“We want to focus on becoming a useful channel for financial inclusion and rural services. You will see more pilots around these goals (this year),” Bose added.

How it works is quite simple. Businesses start off by telling users about their products. Once they’ve drummed up interest, users place orders. Businesses then track the orders, and users pay through a payment link (eventually, through WhatsApp payments). This completes the commerce loop.

Will it be third time lucky for Facebook?


Update: The story has been updated to reflect that India is the most populous democracy, not country.

Guess who’s back as a stock market index heavyweight…

Bang your steel plates—it’s Tata Steel. 

Barely six months after being dropped from the 30-stock squad of the BSE Sensex, it is pushing its way back in again. Following an almost 2x jump in its stock price after its exit, it will feature once again in the Sensex 30 come June. That must be some kind of a record for exit and entry into the index.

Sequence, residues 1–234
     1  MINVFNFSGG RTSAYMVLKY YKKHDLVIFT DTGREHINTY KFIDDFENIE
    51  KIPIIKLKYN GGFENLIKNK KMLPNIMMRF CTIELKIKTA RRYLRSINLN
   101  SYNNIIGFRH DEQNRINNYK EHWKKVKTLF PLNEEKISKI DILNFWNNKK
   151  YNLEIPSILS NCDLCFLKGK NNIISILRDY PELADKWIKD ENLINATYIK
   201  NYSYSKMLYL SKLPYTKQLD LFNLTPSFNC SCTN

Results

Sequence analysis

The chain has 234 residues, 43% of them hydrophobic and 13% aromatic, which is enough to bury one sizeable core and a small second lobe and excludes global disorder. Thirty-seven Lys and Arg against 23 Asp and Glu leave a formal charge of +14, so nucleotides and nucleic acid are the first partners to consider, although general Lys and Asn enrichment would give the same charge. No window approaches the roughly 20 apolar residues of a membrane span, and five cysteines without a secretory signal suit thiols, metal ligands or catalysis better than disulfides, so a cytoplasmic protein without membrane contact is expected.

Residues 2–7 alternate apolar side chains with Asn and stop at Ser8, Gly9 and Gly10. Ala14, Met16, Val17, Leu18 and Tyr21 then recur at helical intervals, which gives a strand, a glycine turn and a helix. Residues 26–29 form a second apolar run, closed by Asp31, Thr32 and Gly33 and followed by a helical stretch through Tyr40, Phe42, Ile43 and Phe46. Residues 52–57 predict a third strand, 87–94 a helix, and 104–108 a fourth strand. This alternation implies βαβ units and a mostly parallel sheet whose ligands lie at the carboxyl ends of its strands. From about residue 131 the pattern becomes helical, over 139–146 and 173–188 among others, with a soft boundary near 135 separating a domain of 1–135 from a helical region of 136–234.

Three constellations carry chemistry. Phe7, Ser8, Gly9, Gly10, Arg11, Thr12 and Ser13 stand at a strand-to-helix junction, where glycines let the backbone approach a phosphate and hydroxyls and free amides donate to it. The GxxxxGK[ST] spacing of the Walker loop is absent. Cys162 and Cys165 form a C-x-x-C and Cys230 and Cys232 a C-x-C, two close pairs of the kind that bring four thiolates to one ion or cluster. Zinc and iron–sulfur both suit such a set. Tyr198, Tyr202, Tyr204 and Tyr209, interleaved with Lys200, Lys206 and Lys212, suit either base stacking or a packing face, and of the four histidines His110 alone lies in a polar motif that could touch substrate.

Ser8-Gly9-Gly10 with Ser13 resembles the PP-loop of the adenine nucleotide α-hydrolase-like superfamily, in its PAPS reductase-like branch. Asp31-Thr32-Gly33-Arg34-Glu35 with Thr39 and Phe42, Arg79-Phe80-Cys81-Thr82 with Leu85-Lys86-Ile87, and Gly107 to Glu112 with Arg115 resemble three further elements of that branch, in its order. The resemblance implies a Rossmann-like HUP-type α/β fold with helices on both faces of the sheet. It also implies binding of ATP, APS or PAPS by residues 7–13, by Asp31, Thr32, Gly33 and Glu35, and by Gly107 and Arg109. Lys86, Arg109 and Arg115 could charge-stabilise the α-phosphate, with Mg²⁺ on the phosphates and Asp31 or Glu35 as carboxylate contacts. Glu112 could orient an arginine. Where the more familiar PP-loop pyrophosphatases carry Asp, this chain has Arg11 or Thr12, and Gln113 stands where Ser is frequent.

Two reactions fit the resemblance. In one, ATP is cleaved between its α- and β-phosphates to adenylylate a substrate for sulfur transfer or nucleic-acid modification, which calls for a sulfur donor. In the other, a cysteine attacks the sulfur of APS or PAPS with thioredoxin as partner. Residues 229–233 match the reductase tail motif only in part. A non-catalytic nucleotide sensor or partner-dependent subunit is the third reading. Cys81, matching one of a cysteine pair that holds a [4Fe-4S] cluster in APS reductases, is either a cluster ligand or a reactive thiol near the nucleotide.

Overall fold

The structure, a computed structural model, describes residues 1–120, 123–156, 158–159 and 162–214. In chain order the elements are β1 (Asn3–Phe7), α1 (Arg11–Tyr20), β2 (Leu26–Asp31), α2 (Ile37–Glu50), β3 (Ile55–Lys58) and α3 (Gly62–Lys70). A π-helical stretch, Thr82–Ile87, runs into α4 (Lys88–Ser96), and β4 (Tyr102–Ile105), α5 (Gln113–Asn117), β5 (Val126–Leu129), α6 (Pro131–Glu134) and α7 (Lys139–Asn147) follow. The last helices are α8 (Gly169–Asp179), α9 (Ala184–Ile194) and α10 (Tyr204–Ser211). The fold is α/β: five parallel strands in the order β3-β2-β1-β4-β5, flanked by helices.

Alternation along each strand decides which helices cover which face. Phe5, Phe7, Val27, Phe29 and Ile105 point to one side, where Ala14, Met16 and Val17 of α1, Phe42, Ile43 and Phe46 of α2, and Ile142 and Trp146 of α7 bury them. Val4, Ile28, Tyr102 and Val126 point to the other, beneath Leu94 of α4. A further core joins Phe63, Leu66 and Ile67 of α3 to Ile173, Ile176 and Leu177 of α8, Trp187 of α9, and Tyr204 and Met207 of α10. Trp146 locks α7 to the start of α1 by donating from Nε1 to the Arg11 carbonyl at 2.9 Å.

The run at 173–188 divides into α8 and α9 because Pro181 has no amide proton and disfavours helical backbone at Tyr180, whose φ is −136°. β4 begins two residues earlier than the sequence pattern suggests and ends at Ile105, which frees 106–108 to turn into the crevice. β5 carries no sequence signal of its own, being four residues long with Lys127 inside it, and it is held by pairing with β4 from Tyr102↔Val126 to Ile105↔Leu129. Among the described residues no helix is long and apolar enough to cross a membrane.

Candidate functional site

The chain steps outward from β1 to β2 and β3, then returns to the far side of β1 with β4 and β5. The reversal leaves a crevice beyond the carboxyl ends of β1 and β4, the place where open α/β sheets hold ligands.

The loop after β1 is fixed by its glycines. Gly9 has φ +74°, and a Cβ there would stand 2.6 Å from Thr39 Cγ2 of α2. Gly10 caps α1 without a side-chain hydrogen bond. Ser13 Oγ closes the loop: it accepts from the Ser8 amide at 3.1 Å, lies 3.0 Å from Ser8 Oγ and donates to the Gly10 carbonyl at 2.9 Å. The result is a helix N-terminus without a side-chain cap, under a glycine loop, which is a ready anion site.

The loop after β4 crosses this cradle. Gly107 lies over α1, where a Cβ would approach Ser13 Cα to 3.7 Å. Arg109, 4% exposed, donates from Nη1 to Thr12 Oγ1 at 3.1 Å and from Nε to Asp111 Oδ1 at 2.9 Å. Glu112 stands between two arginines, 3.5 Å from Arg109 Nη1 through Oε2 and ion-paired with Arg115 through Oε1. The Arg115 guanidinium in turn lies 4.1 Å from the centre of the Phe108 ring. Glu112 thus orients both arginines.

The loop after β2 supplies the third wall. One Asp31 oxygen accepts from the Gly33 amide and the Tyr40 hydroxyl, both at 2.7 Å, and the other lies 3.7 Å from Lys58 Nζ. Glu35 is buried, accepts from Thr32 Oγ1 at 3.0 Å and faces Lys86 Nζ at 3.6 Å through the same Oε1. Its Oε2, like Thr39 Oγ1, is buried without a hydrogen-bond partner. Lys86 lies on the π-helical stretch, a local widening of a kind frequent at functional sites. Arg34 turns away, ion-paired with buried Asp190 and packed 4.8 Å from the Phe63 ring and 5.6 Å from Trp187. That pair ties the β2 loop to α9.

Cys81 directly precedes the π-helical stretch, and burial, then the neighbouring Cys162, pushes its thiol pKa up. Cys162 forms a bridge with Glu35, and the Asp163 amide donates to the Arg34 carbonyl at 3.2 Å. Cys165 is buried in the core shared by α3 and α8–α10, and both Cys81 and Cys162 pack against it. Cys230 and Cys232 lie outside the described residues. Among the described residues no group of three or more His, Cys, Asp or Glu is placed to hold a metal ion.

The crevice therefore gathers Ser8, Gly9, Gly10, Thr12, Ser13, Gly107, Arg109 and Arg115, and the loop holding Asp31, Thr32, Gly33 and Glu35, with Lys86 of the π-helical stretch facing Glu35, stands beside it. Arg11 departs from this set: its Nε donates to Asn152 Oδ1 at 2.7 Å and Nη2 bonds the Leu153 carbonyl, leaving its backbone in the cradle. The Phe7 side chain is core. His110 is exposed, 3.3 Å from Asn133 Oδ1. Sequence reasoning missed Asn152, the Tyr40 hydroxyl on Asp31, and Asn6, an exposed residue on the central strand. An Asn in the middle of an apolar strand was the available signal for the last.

I’ll not get into why Tata Steel was dropped or added back, since to understand that we need to look at the way stock market indices are constructed. 

Instead, let’s look at what Business Standard wrote under the headline “Sensex’s costly exclusion”:

The exclusion proved costly to investors, particularly those investing in Sensex-based exchange traded funds (ETF) and index funds. Tata Steel is up nearly 80 per cent since December 23, when it was removed from the index. “This is akin to shorting the stock around Rs 600 levels and covering your short position at Rs 1,100,” quipped an analyst.